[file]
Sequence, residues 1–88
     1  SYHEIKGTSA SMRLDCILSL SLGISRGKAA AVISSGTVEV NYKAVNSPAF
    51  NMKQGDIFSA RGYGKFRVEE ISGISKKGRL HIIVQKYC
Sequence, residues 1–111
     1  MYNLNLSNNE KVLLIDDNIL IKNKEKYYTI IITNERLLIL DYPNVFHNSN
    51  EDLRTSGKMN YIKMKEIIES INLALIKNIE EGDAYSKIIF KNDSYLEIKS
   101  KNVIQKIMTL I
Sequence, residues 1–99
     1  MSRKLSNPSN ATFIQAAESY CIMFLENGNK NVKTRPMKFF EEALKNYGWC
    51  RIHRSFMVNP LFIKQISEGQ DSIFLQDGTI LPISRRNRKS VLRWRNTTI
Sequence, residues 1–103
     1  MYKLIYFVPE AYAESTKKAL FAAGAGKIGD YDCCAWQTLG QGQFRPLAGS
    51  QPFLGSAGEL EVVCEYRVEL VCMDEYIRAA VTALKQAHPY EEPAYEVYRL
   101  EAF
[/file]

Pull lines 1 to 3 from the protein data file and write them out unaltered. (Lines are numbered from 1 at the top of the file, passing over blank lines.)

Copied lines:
Sequence, residues 1–88
     1  SYHEIKGTSA SMRLDCILSL SLGISRGKAA AVISSGTVEV NYKAVNSPAF
    51  NMKQGDIFSA RGYGKFRVEE ISGISKKGRL HIIVQKYC